- And You Thought It Would Fail:
- While filming Demolition Man, Rob Schneider befriended Sandra Bullock. Upon hearing the premise of her follow-up project, Schneider incorrectly dismissed what he called "this bus movie" as something that wouldn't succeed at the box office.
- While making the film, Jeff Daniels thought it would not be successful. He reversed his opinion after seeing the finished product.
- When Jan de Bont first got the script and found out it took place on a bus, he thought, "That's going to be boring."
- Awesome Music: The whole soundtrack applies. The recurrent main theme fits the tone of the movie to a T, and the general tempo of the music always reinforces the sense of speed.
- Catharsis Factor: Given what a monster he is, seeing Payne get decapitated is very satisfying.
- Complete Monster: Howard Payne, feeling "cheated" by his former police department for giving him what he saw as a pathetic severance package after he lost a finger on the job, became obsessed with getting the money he believes he is owed. To this end, Payne rigs an elevator filled with people to drop them to their deaths unless he is paid $3 million, and quickly tries to kill the hostages when he believes the police are trying to save them. After failing at this plan, Payne blows up a commuter bus in front of SWAT team member Jack Traven, then reveals he has planted a bomb on another bus filled with innocents, stating that until he gets $3.7 million, the bus will have to stay above 50 mph lest it explode. When an elderly woman tries to get off the bus, Payne detonates a mini bomb that kills her, and, after the police seemingly locate him, Payne reveals it was a trap and blows up the numerous SWAT team members sent to arrest him, a fact that he happily taunts Jack about. After Jack manages to save the hostages, Payne takes Jack's Love Interest hostage, planning to blow her up as a distraction for the police while he makes his getaway, and guns down an innocent man when he attempts to alert the authorities to Payne. Smug and with a creepily cheerful personality even whilst committing his various atrocities, Howard Payne took his feelings of being "cheated" by the government way too far, refusing to see any reason and showing a sick sadism that all reveal him to be nothing but a homicidal monster.
- Ending Fatigue: The subway chase at the end is almost completely divorced from the main body of the film and seems to be there just to engineer a showdown between Payne and Traven - after all, they couldn't exactly get the bad guy onto the bus in any plausible way. Some people who haven't seen the film in a few years even find they had completely forgotten about the whole subway part.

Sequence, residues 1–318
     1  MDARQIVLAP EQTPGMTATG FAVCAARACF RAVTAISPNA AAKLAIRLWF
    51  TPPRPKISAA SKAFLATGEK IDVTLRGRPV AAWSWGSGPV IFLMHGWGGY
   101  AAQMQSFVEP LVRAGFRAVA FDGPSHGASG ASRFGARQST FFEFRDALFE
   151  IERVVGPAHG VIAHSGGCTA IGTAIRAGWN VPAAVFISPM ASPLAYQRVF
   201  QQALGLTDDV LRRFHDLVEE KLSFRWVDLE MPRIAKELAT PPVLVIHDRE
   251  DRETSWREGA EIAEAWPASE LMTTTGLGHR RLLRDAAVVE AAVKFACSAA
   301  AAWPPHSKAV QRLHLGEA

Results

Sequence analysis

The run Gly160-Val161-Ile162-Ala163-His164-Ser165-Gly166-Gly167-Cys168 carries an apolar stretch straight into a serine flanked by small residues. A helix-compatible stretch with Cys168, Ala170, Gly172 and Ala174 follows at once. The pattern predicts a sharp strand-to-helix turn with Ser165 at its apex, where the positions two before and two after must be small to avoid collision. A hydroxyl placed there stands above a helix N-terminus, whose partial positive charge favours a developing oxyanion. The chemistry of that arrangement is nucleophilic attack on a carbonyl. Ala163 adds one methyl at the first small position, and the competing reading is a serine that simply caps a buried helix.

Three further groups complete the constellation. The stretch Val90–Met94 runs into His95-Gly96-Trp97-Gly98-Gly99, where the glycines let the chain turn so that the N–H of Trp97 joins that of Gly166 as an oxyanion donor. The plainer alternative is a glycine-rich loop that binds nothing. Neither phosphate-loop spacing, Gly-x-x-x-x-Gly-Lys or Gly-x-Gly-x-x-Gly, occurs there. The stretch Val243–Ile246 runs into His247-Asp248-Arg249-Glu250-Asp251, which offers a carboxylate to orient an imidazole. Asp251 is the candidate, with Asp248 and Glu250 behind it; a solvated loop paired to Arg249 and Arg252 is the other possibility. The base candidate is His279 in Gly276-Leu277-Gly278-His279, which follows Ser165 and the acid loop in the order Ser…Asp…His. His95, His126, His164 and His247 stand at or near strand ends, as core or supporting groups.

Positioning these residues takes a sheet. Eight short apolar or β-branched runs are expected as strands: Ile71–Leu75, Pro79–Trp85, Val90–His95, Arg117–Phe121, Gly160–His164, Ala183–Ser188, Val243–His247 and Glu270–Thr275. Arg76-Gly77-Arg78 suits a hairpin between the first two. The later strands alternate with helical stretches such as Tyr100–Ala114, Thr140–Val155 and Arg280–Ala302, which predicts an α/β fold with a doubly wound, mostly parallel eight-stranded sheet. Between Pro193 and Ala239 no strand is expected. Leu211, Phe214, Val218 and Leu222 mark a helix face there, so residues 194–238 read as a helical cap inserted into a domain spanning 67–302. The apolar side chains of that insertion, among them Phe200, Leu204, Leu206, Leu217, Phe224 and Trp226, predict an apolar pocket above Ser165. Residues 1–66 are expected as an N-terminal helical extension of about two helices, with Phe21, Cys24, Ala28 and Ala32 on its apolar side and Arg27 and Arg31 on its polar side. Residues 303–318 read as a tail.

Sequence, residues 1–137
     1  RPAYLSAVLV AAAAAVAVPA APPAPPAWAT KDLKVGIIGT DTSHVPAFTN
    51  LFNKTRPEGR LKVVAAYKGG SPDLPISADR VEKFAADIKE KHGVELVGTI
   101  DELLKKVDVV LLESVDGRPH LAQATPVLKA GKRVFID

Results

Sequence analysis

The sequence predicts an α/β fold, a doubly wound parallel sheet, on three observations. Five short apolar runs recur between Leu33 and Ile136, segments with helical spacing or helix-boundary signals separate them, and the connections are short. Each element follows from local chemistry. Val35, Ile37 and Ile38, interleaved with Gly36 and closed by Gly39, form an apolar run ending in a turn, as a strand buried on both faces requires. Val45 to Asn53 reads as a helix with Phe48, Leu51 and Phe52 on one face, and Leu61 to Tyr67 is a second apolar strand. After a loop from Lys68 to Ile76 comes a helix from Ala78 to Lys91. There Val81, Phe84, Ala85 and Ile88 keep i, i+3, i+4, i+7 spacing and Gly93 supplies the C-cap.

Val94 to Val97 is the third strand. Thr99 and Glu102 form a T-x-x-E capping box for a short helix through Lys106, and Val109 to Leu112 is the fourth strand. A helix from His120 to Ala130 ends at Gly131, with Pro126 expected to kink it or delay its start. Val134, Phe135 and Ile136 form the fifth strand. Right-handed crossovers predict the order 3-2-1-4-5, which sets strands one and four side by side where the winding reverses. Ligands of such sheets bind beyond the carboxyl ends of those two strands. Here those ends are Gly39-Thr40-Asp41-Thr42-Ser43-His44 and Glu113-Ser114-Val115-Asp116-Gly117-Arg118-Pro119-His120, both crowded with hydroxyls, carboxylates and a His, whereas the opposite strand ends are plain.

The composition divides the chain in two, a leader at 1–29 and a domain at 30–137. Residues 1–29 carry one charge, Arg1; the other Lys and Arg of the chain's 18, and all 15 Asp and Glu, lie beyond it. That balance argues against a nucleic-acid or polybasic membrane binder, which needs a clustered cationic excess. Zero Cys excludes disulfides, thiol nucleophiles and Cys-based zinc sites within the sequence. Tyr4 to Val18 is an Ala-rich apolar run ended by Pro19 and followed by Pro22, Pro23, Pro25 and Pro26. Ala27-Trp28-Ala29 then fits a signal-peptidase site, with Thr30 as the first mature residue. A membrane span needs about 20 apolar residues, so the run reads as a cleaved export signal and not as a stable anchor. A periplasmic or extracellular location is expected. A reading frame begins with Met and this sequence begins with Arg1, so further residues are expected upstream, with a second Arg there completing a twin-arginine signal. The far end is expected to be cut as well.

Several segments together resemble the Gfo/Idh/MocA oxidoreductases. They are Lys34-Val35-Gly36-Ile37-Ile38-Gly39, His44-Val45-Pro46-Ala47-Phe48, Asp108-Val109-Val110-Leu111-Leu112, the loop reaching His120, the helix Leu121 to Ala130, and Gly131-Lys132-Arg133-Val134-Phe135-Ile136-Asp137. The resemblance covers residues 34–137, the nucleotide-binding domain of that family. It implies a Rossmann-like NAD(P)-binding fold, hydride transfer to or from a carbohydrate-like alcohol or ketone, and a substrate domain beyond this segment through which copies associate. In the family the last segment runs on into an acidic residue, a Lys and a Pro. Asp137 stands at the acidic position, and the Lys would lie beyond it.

- Hilarious in Hindsight: Annie at point wonders if Payne targeted them because the U.S. bombed his country. Eight years later, another 20th Century Fox production also featured Dennis Hopper playing the villain to a protagonist named Jack, and part of his motivation did involve revenge for his home being bombed by the hero.
- Memetic Mutation:
- "Pop quiz, hotshot," which is spoken over and over by Harry and Payne.
- The general idea of a vehicle that can't slow down without a bomb going off has been parodied endlessly. One example being the deadly wheelchair in South Park. Father Ted had an episode titled "Speed 3", where the vehicle was a milk float, which runs little faster than five miles an hour.
- Nightmare Fuel: Howard Payne is made of this, given how far he's willing to go to achieve what he feels is owed to him. He manages a decent-sized body count before all is said and done.
- One-Scene Wonder: Maurice is pretty amusing even as he reluctantly aids Jack in getting aboard the bus.
- Retroactive Recognition: Richard Schiff, very early in his career, plays the subway conductor in the final sequence.
- Special Effects Failure:
- The ramp that the bus goes over during the bridge jump scene is visible. As are the shadows of the (digitally removed) gap of the bridge.
- In some shots a camera can be spotted mounted onto the bus.
- There's also the "Obviously a model" subway car during the climax.
- Look closely at the scene where the first bus is blown up and you can clearly see the camera crew in the distance as well as a truck dragging the flaming bus by a chain.
- Early in the film the bus sends a car flying up a flatbed tow truck. A careful observer can clearly make out the extra wheels mounted on the undercarriage to aid in the car's flight off the truck.
- In the final shot of the film, it is obvious that the unfinished track from which the subway train has emerged is merely a false backdrop, with no other fixtures to indicate the presence of a track there.
- When the bus rams into the airplane, a door can be seen blowing off its left side, indicating it is in fact a different bus as such a feature was not present on the bus used through most of the film, and was actually on its right side.
- Strangled by the Red String:
- Jack and Annie. After knowing each other for all of a few hours, they're making out and about to have sex in a wrecked subway car in the middle of a street with a crowd of people watching. Truth in Television, people bond over traumatic experiences quickly regardless of compatibility. They both lampshade this.Jack: I have to warn you, I've heard relationships based on intense experiences never work.Annie: OK. We'll have to base it on sex then.
- In the sequel, they've broken up - although many like to pretend that the sequel never happened.
- Jack and Annie. After knowing each other for all of a few hours, they're making out and about to have sex in a wrecked subway car in the middle of a street with a crowd of people watching. Truth in Television, people bond over traumatic experiences quickly regardless of compatibility. They both lampshade this.
YMMV / Speed